Principally, young Hugh (19 at the Conquest, 39 at the Domesday Book survey), son of Richard d'Avranches, surnamed Lupus (the Wolf, or sometimes 'the Fat'), was the first earl of Chester, a palatine Count, a position which almost made him virtual King of Cheshire. A very powerful man of Cheshire. He was unable to use the surname d'Avranches at this time because his father was still alive, the great Norman Viscount d'Avranches who was at Hastings. He was descended from Rognald (Ronald) father of Rollo, the first Duke of Normandy who lived in 896. The close interlocking relationship with the Conqueror's family gained him a great position of trust. Hugh, succeeded by his son Richard (7 at the conquest??, 27 at the Domesday ?? (see above, physically possible but difficult to believe, despite early bethrothals), ) as Earl of Chester eventually married Matilda, daughter of King Stephen but was drowned with his wife in the Blanche Nef shipwreck in the Channel, returning to Normandy along with many other Norman magnates. After the Conquest, Hugh Lupus was one of the largest land holders in all England He eventually became hereditary viscount Averanchin or Averanches, sometimes De Abrincis, in the department of Manche in Normandy, neighours of the notable Percy family of Northumberland and the Massey family of Cheshire whose chief domain was at Dunham Massey Castle. This latter family held 9 Lordships in Cheshire. Richard de Vernon was Hugh's palatine baron of Cheshire, of Castle Vernon, and held in Cheshire, also held the Castle of Shipbrook on the Wever. Hugh Lupus was a sworn companion-in-arms to William de Percy. Hugh (or his father) gave the great domain of Whitby in Yorkshire to William Percy whence sprang the notorious Percys of Northumberland.
Hugh held at the Domesday as tenant in chief in all Cheshire at;
Adlington, Alsager, Antrobus, Capesthorne, Chelford, Chester, Clive, Coddington, Eastham, Eaton, Eddisbury, Elton, Frodsham, Gawsworth, Helsby, Hawarden, Henbury, Hollingworth, Lea Newbold, Little Budworth, Lower Withington, Manley, Marton, Micle Trafford, Middlewich, Northwich, Occleston, Ollerton, Over, Romilley, Tintwistle, Weaver, Weaverham, Werneth, and Wimboldsley and Macclesfield. And in North Wales at Bodeugan, Calcot, Cwbyr, Fulbrook, and Maen Efa, and Hawarden.
Robert Cook, was under-tenant of Hugh at Little Neston at the Domesday, an area surrounding Neston. He was probably related to Alric Le Coq, who derived his name from the office of the comptroller for the Conqueror. Rodbertus or Robert Cocus, probably his brother or son, held as under-tenant in Kent, but also held elsewhere. In the family at the time of the Conquest were sons and grandsons, each with holdings, so we can conclude the father Alric was must have been quite old at Hastings.
Hugh de la Mere, (sometimes Hugh FitzNorman) brother of Guillaume (William, who was head of the house) was from Lamare at St-Opportune in Normandy. Their castle was built on piles beside a lake, hence the surname. William married the daughter of Hugh Lupus. Hugh became Lord of Lea(Leigh). His direct line became extinct but continued through his nephew Roger.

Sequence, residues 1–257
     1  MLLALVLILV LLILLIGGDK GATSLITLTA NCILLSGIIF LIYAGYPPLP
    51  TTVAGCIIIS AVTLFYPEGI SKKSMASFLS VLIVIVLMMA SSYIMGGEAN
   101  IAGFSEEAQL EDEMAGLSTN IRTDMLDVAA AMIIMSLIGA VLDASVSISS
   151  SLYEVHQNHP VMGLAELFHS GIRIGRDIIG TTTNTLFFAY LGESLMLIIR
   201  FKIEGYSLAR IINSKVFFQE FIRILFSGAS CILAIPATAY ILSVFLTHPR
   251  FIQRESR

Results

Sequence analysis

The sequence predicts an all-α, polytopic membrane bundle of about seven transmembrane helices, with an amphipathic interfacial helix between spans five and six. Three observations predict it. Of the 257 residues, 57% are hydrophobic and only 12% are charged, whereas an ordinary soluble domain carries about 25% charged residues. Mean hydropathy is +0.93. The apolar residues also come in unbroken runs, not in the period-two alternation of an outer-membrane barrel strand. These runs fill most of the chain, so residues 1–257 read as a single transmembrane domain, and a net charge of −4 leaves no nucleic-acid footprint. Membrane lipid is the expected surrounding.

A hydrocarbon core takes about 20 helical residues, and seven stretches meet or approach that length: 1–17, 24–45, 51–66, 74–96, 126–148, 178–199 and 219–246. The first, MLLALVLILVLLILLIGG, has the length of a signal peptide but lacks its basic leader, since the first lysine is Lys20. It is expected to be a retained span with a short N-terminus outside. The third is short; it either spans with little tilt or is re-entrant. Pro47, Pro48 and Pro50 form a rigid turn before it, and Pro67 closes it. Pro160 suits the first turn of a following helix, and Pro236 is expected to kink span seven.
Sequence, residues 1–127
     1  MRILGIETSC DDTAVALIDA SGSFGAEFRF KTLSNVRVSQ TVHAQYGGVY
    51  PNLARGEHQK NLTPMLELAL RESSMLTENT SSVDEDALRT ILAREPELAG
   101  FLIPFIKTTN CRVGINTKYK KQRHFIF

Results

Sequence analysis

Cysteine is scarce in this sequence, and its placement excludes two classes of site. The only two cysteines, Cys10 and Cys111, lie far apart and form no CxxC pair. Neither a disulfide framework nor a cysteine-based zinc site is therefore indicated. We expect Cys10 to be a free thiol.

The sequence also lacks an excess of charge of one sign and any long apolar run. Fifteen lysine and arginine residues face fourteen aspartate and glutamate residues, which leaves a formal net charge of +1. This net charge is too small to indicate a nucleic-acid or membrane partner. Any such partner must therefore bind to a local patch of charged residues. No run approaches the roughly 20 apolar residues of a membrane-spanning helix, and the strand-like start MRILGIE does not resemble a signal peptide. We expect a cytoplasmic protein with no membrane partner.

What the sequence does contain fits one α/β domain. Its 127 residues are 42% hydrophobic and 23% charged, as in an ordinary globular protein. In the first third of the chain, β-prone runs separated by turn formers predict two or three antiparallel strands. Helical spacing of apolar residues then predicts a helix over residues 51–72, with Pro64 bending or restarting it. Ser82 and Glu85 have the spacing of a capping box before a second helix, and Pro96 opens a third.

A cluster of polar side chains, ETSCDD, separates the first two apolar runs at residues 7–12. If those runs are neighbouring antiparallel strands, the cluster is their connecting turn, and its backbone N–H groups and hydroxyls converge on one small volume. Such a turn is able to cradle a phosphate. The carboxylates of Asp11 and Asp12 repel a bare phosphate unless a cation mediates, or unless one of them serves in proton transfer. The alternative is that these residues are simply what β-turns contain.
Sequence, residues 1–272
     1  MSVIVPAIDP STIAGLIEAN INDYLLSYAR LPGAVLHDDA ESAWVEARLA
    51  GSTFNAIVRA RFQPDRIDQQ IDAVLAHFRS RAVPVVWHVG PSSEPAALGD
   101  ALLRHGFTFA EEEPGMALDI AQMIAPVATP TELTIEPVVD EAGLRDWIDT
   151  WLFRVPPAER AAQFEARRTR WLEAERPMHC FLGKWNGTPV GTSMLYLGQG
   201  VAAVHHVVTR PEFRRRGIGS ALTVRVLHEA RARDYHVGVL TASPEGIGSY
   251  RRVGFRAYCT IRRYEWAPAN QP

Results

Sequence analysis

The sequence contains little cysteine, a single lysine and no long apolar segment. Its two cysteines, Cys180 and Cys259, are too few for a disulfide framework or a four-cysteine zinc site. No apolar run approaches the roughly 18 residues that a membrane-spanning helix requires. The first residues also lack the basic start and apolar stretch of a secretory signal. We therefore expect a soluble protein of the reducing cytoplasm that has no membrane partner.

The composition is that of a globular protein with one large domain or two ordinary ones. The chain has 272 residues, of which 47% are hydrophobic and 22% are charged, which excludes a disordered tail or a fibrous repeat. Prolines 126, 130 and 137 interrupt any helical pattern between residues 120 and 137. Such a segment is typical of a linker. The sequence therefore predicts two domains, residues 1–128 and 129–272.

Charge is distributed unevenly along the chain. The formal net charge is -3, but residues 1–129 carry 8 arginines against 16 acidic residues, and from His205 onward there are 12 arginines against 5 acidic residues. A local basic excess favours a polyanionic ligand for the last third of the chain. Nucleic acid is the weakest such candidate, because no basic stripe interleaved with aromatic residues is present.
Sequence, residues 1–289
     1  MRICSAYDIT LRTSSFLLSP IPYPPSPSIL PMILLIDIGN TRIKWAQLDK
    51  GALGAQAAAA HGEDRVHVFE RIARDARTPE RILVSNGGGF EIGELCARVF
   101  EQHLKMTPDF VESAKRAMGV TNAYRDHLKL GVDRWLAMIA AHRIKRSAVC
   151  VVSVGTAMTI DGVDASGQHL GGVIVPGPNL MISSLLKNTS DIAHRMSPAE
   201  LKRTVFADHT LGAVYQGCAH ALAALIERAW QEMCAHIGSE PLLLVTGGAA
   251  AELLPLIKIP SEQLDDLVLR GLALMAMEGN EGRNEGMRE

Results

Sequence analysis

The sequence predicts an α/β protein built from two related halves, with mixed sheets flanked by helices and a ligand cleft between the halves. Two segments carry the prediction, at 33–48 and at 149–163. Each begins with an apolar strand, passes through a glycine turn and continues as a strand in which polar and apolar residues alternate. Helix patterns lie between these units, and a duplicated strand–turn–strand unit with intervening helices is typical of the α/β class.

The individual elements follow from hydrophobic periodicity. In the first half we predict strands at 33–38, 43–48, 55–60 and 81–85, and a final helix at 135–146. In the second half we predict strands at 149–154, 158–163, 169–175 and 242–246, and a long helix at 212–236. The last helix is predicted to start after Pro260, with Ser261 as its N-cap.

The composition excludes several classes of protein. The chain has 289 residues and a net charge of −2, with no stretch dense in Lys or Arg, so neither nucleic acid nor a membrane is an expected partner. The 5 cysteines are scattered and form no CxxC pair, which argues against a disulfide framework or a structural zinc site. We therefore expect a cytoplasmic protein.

Walter de Vernon was brother of Richard de Vernon mentioned above, hence the surname Vernon. They were from the arrondisement of Evreux in Normandy. They both held many knight's fees in Cheshire. Walter also held in Buckinghamshire. But his brother Richard was much more powerful in Cheshire at the time of the Domesday Book.
Gilbert de Venables (Venator, Veneur, Hunter,) was from Venables, Evreux in Normandy in the barony of Le Veneurs so named because they were hereditary huntsmen to the Dukes of Normandy. Gilbert was a palatine Baron to Hugh Lupus, held the barony of Kinderton in Cheshire. Many lines and surnames were descended, including the Butlers of Chester. Richard was also palatine Baron of Hugh Lupus, and became Barons of Warrington. Another brother, Raoul, was baron of Chester, held in capite, and ancestor of the Grosvenors, Dukes of Westminster, Earls of Wilton and Lords of Elbury. The Hunter family moved north into Scotland where William Venator witnessed a charter by Earl David, later King David in 1124 and this family generally assumed the surname of Hunter. Venables became a prominent Cheshire and Lancashire surname, but Hunter had already achieved a large foothold in Cheshire before the move north with the Domesday Book showing Gilbert Hunter holding Brereton, Davenport, Kinderton and Witton (Northwich suburb) and Ralph Hunter holding Stapleford in Cheshire and Soughton in Wales.
Little is known of William FitzNigel. He is not recorded as being at Hastings. He may have been the son of Nigel de Burcy who assumed the FitzNigel surname before his father's death and changed back thereafter. It would have been normal to change his surname back to Nigel de Burcy after his father's death, and the surname FitzNigel would fade away, unless it was adopted by one of his younger sons instead of their domain name. William FitzNigel's chief domain in the Domesday Book was at Knutsford (said to be King Cnute's ford), and Egbrand, a freeman, held part from him, although it was not inhabited at the time of the Domesday Survey.